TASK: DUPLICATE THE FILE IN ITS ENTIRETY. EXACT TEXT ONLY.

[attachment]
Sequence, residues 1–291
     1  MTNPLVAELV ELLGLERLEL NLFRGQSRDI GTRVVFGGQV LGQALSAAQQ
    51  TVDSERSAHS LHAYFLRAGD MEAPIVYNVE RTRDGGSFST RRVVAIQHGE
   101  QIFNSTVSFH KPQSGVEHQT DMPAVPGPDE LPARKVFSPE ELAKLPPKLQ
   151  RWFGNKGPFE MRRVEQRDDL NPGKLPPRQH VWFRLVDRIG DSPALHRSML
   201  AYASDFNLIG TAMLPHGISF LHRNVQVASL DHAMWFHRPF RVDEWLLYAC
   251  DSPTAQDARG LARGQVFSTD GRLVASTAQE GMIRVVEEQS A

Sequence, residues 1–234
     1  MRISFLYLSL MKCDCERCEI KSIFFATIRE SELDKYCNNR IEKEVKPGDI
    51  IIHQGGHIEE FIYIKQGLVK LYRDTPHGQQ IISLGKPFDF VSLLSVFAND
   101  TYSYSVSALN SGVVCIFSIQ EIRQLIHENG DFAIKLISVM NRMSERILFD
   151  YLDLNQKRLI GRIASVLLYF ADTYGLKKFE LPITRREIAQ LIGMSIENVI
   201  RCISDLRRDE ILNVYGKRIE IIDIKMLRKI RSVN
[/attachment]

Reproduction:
Sequence, residues 1–291
     1  MTNPLVAELV ELLGLERLEL NLFRGQSRDI GTRVVFGGQV LGQALSAAQQ
    51  TVDSERSAHS LHAYFLRAGD MEAPIVYNVE RTRDGGSFST RRVVAIQHGE
   101  QIFNSTVSFH KPQSGVEHQT DMPAVPGPDE LPARKVFSPE ELAKLPPKLQ
   151  RWFGNKGPFE MRRVEQRDDL NPGKLPPRQH VWFRLVDRIG DSPALHRSML
   201  AYASDFNLIG TAMLPHGISF LHRNVQVASL DHAMWFHRPF RVDEWLLYAC
   251  DSPTAQDARG LARGQVFSTD GRLVASTAQE GMIRVVEEQS A

Sequence, residues 1–234
     1  MRISFLYLSL MKCDCERCEI KSIFFATIRE SELDKYCNNR IEKEVKPGDI
    51  IIHQGGHIEE FIYIKQGLVK LYRDTPHGQQ IISLGKPFDF VSLLSVFAND
   101  TYSYSVSALN SGVVCIFSIQ EIRQLIHENG DFAIKLISVM NRMSERILFD
   151  YLDLNQKRLI GRIASVLLYF ADTYGLKKFE LPITRREIAQ LIGMSIENVI
   201  RCISDLRRDE ILNVYGKRIE IIDIKMLRKI RSVN